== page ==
Pamella Roland: Dressing for the Spotlight
“essentially sums up Roland’s oeuvre: functional, but not fabulous.”
In the world of coffee table books, some designers are born to have them, some achieve them, and some have them thrust upon them. Pamella Roland: Dressing for the Spotlight is decidedly in the last camp. Just because every fashion house is suddenly getting its own splashy volume dedicated to the history of its craft does not necessarily mean that it should.
In the instance of this book, the confusion and disappointment begins with the cover. Here, a perfectly innocuous photograph of an all-American looking model greets the viewer, promoting what is supposed to be a show-stopping gown representative of Roland’s mastery in the art of glamorous attire. Given the vast creativity in red-carpet wear today, the image is less “wow” and more “cover of Better Homes & Gardens.”
Accompanying this image is perhaps the most bizarre typographic treatment and placement ever created for a professional fashion publication: a sans-serif, gilded typeface entirely in lowercase, with unnecessarily long ascenders that screams European modernism. It is the kind of typeface used by sleek kitchen appliance companies or expensive, Nordic furniture stores, not by makers of flouncy, feminine evening wear. Moreover, rather than make the text a touch smaller, the cover designer has instead smushed it up against the head of the unfortunate model, removing any semblance of visual breathing room and creating a baffling mashup of Sears wedding photography and typographic roulette. The viewer has no sense of where this book is going.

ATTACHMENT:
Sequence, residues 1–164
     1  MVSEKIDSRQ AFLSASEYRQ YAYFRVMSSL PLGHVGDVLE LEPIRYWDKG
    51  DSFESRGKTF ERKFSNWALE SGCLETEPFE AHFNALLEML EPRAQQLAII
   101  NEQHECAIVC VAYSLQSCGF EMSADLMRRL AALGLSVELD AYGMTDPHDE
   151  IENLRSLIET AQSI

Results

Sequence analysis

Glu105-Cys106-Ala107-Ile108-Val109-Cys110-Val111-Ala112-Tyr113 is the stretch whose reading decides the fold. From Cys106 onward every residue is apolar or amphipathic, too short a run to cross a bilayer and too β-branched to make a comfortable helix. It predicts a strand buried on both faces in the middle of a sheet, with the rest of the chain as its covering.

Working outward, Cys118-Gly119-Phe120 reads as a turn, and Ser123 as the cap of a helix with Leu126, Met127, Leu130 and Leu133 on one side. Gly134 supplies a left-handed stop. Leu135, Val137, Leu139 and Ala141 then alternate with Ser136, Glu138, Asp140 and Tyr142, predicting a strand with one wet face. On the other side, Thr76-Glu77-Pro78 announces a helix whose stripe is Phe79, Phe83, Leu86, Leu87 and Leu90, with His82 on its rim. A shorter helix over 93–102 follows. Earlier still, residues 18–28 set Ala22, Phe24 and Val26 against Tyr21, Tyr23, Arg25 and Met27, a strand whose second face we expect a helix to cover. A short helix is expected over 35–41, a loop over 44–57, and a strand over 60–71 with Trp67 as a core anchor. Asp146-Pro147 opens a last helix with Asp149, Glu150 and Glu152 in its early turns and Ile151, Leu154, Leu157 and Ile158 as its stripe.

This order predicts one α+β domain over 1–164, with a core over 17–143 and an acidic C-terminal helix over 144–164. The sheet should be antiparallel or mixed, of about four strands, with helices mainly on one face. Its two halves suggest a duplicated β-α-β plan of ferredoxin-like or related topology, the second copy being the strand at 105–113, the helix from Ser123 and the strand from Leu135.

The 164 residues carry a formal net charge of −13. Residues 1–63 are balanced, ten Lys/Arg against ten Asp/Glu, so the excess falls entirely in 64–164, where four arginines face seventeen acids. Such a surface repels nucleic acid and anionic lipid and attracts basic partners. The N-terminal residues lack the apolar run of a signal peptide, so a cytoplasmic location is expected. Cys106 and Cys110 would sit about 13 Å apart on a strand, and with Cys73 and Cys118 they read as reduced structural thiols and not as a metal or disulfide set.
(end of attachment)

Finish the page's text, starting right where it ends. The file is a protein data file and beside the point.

Over the next 256 pages, the reader is faced with step-and-repeat imagery of celebrities in relatively bland ensembles and un-noteworthy photographs of models on the runway. Aside from all of them featuring the fashions of Pamella Roland, the one thread linking all of these photos together is that none of them are very good. It would have been more interesting to incorporate more dynamic or even staged photography of the clothes.
Instead, the editors chose to recycle imagery wherein everyone looks a little less than their best. The runway shots can all be seen on style.com and better pictures of the rich and famous in these outfits were published by People magazine. Such lack of care (or perhaps budget) in selecting imagery results in a slapdash presentation that becomes less a celebration of a fashion house and more like a hard-cover version of a catalog received among junkmail.
The overwhelming “meh” of this tome, however, cannot be entirely chalked up to bad editing. There’s a reason Roland isn’t a household name—she does not produce the show stopping gowns often churned out by red carpet darlings like Zac Posen, Tom Ford, or even Marchesa. Roland is a notorious safe bet in fashion—while many gowns are lovely, most have all the pizazz of “mother of the groom.” Flipping through the pages, one is reminded of Hamptons housewives at local charity events or, with regard to some of the less fortunate numbers, shopping for prom dresses at Jessica Mcclintock at a New Jersey mall in the early 2000s. The product is simply not worthy of a large scale, flashy book—and attempting to do so has done the designer more a disservice than not. Her designs suddenly become woefully lackluster when compared to those in comparable volumes.
Finally, while text in coffee table books about clothes is notoriously vapid or, at best, filler, there is usually a sense of minor effort on the part of the contributors to uplift the brand. The foreword by Vanessa Williams, while delightfully real, sounds like a QVC sales pitch—she focuses not on the design or craftsmanship or even the beauty of the dresses she’s worn, but on how easy it is to sit down in them! And that essentially sums up Roland’s oeuvre: functional, but not fabulous.